Photo: Courtesy of BESIX

BESIX, Vanpile close to completing marine LNG terminal in Canada

The Canadian unit of Belgian group BESIX and its joint venture partner Vancouver Pile Driving (Vanpile) say their work at the LNG marine terminal in western Canada is near completion.

BESIX, Vanpile close to completing marine LNG terminal in Canada
Courtesy of BESIX

Cargo roll-on/roll-off vessels have started using the wharf built by the BESIX-Vanpile joint venture (BVJV) in Kitimat, British Columbia. Via the Douglas Channel, the terminal connects to the Northwest Corridor, which links North America to the Pacific Ocean.

The marine terminal is part of a Berth Marine Structure contract awarded in 2019 to BESIX and Vanpile, by JGC Fluor Joint Venture (JFJV), the project’s engineering, procurement, and construction contractor.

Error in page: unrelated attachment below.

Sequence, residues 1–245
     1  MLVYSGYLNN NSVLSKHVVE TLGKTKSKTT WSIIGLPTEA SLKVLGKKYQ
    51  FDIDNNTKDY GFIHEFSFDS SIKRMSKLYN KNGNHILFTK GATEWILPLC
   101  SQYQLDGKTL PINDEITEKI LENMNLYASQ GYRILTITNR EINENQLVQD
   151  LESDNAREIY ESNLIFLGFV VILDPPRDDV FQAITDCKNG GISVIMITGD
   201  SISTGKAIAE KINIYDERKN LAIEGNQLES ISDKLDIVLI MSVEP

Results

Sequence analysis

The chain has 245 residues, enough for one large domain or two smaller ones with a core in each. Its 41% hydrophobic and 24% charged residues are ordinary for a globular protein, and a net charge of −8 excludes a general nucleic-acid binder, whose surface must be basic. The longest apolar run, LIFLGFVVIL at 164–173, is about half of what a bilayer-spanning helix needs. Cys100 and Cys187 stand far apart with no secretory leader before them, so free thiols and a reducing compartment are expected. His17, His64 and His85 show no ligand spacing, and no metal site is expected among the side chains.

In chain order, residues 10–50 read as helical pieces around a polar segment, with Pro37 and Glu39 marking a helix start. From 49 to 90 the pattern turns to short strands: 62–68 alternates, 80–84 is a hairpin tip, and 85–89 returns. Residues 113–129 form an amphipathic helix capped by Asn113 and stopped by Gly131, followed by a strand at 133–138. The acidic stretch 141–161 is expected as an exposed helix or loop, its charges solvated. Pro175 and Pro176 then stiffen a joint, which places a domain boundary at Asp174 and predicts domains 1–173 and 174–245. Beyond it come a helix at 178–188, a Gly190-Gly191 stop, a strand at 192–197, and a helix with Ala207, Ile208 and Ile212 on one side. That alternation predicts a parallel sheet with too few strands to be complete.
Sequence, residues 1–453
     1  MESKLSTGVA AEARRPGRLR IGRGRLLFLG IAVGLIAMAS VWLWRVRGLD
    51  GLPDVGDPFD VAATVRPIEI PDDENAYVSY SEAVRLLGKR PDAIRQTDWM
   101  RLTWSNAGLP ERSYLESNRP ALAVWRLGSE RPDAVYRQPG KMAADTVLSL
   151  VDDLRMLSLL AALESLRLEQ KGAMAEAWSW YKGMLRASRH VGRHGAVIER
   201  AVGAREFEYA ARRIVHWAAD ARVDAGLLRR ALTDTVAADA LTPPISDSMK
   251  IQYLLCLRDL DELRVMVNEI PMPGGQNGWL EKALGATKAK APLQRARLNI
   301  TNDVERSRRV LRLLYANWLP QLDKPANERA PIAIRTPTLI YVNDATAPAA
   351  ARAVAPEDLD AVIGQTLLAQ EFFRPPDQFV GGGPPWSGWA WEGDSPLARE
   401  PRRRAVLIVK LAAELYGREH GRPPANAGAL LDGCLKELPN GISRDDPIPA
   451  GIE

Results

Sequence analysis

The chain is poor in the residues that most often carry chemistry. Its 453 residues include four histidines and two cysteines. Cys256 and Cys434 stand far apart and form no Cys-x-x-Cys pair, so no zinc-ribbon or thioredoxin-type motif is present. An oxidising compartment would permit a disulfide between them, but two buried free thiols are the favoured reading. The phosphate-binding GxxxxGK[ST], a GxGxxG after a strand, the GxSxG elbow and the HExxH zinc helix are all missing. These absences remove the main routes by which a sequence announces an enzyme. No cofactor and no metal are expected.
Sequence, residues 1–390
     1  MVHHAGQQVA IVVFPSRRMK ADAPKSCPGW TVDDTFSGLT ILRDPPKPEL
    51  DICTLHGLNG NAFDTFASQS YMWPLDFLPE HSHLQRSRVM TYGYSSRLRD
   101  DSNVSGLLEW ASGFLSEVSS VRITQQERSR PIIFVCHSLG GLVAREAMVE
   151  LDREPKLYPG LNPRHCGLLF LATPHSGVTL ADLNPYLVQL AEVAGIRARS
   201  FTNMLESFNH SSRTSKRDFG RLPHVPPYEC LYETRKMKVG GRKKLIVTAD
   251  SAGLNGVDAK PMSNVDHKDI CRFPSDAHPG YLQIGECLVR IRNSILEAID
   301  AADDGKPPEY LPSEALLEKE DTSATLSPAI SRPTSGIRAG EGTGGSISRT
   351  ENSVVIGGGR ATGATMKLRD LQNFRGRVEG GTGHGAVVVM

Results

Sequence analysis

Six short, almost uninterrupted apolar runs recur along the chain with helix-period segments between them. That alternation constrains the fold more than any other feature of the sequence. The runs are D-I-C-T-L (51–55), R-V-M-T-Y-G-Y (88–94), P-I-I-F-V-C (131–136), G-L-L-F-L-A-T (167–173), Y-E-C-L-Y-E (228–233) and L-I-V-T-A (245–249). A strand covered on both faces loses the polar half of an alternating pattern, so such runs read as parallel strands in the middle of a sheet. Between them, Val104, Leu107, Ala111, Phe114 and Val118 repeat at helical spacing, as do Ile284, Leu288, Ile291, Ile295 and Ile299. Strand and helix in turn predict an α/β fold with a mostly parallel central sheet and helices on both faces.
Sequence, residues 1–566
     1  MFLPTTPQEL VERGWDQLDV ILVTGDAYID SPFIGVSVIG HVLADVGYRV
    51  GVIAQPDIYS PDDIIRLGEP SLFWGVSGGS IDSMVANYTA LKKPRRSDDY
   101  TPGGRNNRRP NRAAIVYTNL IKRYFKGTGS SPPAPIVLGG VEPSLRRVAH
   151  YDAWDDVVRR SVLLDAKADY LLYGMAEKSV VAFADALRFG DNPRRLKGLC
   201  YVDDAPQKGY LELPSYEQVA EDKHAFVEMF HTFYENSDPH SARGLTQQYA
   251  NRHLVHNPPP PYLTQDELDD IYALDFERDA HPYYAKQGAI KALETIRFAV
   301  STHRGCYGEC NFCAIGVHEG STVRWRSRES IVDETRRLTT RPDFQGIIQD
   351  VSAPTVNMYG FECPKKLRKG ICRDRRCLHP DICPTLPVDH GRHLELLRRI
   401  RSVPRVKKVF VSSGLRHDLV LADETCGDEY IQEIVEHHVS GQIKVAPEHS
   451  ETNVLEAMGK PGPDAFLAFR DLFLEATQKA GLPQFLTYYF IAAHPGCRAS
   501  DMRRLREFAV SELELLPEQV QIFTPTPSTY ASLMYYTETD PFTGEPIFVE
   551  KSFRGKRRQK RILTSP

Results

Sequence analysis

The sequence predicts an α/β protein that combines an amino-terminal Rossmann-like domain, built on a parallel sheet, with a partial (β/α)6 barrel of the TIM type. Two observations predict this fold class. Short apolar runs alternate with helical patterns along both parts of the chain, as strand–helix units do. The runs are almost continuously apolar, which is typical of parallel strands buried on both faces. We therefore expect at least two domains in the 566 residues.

Works include the construction of a 500-metre-long wharf, the LNG loading platform, four cargo berthing dolphins, four LNG berthing dolphins, and six mooring dolphins, including one offshore, as well as navigational aids. The works are scheduled to be completed by the end of August 2022.

In addition to the marine terminal, key features include LNG processing units, a storage tank, LNG loading lines, a rail yard, a water treatment facility, and flare stacks.

Paul Callebaut, project director BVJV, said: “The use of the wharf by the first vessels is an important milestone, both for the project and for the team of BESIX and Vancouver Pile Driving.”

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To remind, in 2018, the JV partners in LNG Canada took a final investment decision (FID) on this LNG and said its development will cost about $14 billion. The plan is for the facility to initially export LNG from two trains totaling 14 million tons per annum (mtpa), with the potential to expand to four trains in the future.